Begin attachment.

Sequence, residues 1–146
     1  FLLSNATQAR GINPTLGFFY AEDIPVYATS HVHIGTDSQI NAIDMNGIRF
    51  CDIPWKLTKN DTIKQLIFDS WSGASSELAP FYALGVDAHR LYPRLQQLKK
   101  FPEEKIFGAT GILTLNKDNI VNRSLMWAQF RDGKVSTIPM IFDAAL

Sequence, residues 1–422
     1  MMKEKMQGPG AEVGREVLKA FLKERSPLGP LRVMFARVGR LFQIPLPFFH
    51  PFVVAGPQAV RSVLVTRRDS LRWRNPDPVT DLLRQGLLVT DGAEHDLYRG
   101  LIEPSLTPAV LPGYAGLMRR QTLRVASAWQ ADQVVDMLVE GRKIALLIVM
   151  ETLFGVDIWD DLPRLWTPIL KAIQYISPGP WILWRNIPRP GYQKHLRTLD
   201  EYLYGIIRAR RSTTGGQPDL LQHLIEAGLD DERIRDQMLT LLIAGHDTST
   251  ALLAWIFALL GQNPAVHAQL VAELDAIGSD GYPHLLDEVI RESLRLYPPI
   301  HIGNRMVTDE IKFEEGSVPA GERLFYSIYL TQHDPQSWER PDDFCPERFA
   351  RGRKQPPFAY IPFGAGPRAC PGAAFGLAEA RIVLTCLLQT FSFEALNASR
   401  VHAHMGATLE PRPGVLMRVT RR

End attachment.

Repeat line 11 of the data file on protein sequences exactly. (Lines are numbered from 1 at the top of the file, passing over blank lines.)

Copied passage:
   251  ALLAWIFALL GQNPAVHAQL VAELDAIGSD GYPHLLDEVI RESLRLYPPI